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Too close to call? 2024 election set to be major shake-up of Scottish politics

Anas Sarwar with Michael Shanks at the Rutherglen by-election count | PA Images/Alamy

Too close to call? 2024 election set to be major shake-up of Scottish politics

Anas Sarwar’s buoyant speech as he welcomed in 2024 last week appears to have been validated by a recent YouGov super-poll. This year’s election could very well be the one Scottish Labour finally gets its long-talked-about revival.

A survey of over 14,000 voters estimates Labour could win 385 seats across the UK, including 24 in Scotland.

As well as the two seats the party already holds – Edinburgh South and Rutherglen – it is set to take a further 22 from the SNP. Most of these are in its old central belt heartlands, with a clean sweep predicted in Glasgow. They’d also take the Western Isles seat, Na h-Eileanan an Iar, which is currently held by former SNP MP Angus Brendan MacNeil.

While undoubtedly bad news for the SNP, the party still comes out on top. Just.

According to YouGov, the party could win 25 seats. Two of those would be gains from the Conservatives: Dumfries and Galloway (held by Scottish secretary Alister Jack, who has already announced he won’t be re-standing), and West Aberdeenshire and Kincardine (held by nuclear minister Andrew Bowie).

The Conservatives would drop to four seats: Dumfries, Clydesdale and Tweeddale; Berwickshire, Roxburgh and Selkirk; Gordon and Buchan; and Aberdeenshire North and Moray East. SNP defector Lisa Cameron, who joined the Scottish Tory group last October, would see her rebranded East Kilbridge & Strathaven seat go to Labour.

Douglas Ross’s Moray is set to be split in two under the new boundaries, partly into the Aberdeenshire seat above, and partly into Moray West, Nairn and Strathspey (which is predicted to be won by the SNP).

The Lib Dems will be pleased to know their four seats will be retained.

A closer look at the numbers reveals how much of a knife-edge this election result is on. In three constituencies, the SNP and Labour sit on roughly the same share of a vote.

In Dunfermline and Dollar, the two parties are predicted to get 34 per cent of the vote apiece; in Edinburgh North and Leith it’s 33 per cent; and in Livingston it’s also 33 per cent. YouGov’s analysis hands the first of those three to Labour, but the latter two to the SNP.

Then there’s numerous other seats which are also very close. The Tories would only win both Aberdeenshire North & Moray East and Gordon & Buchan by a single percentage point (28 per cent to the SNP’s 27), while Dumfries & Galloway would go SNP only by a single percentage point too (27 per cent to the Tory’s 26).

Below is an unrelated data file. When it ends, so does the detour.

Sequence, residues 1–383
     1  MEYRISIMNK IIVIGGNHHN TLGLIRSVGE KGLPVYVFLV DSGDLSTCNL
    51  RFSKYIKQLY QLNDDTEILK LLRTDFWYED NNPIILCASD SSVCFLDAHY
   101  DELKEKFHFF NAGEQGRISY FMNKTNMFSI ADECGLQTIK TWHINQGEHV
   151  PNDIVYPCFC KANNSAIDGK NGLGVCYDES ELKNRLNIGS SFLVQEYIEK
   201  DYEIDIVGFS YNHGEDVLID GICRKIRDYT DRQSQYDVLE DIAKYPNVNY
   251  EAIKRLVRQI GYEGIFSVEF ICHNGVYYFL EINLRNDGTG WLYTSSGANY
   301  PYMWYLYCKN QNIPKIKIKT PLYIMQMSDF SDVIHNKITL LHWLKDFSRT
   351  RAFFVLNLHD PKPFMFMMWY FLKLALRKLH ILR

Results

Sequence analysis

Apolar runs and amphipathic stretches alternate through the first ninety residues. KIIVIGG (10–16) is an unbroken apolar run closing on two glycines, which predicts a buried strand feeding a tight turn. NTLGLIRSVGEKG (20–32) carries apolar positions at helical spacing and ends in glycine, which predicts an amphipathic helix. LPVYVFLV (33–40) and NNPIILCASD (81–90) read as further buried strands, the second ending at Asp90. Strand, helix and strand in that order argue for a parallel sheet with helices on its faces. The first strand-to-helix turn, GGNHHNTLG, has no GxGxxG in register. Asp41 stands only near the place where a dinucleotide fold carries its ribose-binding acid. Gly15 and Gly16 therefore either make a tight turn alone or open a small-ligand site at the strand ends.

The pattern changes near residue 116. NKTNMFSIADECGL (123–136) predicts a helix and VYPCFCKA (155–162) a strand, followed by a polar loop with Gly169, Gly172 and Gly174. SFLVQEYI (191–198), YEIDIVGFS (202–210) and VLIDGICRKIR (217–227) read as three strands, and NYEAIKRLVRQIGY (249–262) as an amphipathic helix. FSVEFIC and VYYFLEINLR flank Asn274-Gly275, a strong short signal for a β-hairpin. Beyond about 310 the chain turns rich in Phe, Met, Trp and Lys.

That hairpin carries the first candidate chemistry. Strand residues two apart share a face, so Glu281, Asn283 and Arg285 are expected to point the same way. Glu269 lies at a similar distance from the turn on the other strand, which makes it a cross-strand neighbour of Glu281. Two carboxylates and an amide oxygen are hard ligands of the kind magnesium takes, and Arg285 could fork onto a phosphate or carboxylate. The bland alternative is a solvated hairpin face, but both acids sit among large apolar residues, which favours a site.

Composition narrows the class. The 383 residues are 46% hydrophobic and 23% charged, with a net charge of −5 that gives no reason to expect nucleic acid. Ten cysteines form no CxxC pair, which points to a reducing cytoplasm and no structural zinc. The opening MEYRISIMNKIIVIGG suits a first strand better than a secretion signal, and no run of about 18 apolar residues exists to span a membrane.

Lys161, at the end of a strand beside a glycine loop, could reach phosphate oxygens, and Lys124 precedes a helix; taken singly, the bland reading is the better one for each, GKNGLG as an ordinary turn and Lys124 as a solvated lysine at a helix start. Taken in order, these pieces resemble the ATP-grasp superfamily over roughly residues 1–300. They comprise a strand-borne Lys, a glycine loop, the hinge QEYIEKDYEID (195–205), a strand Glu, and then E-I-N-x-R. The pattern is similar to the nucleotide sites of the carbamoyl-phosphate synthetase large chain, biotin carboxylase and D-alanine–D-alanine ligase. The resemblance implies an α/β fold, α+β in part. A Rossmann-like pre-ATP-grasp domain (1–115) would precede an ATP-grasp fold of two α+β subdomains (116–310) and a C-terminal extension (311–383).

There’s also a few three-horse races. Former Scottish secretary David Mundell would keep his Dumfries, Clydesdale & Tweeddale seat – which he’s held since 2005 – with 28 per cent of the vote. But hot on his tail is the SNP (25 per cent) and Labour (24 per cent).

Mid Dunbartonshire – which is replacing East Dunbartonshire – is a three-way race between the Labour (27 per cent), the SNP (25 per cent) and the Lib Dems (23 per cent). The predecessor seat was of course once held (and infamously lost) by Scottish Lib Dem leader Jo Swinson.

North East Fife – the constituency won by the SNP in 2017 by two votes, before being lost in 2019 to the Lib Dems (though some say the campaign efforts here five years ago meant the party took its eye off Swinson’s seat) – is set to return the Lib Dems again with a decent lead. But with the SNP and Labour both eyeing it up, this could be closer than YouGov suggests.

As for dead certs, Labour look set to comfortably hold Ian Murray’s Edinburgh South and Michael Shanks’ Rutherglen, and the Lib Dems will easily retain Alastair Carmichael’s Orkney & Shetland and Christine Jardine’s Edinburgh West.

Every other seat is too close to call. The SNP’s best performer is Paisley & Renfrewshire South, with a predicted vote of 40 per cent. Labour is seven percentage points behind.

The Tories’ best is Berwickshire, Roxburgh and Selkirk with 30 per cent – but the SNP is just three percentage points behind.

After a tumultuous decade since the independence referendum turned politics on its head, the electoral map of Scotland seems set for another very big shake-up.

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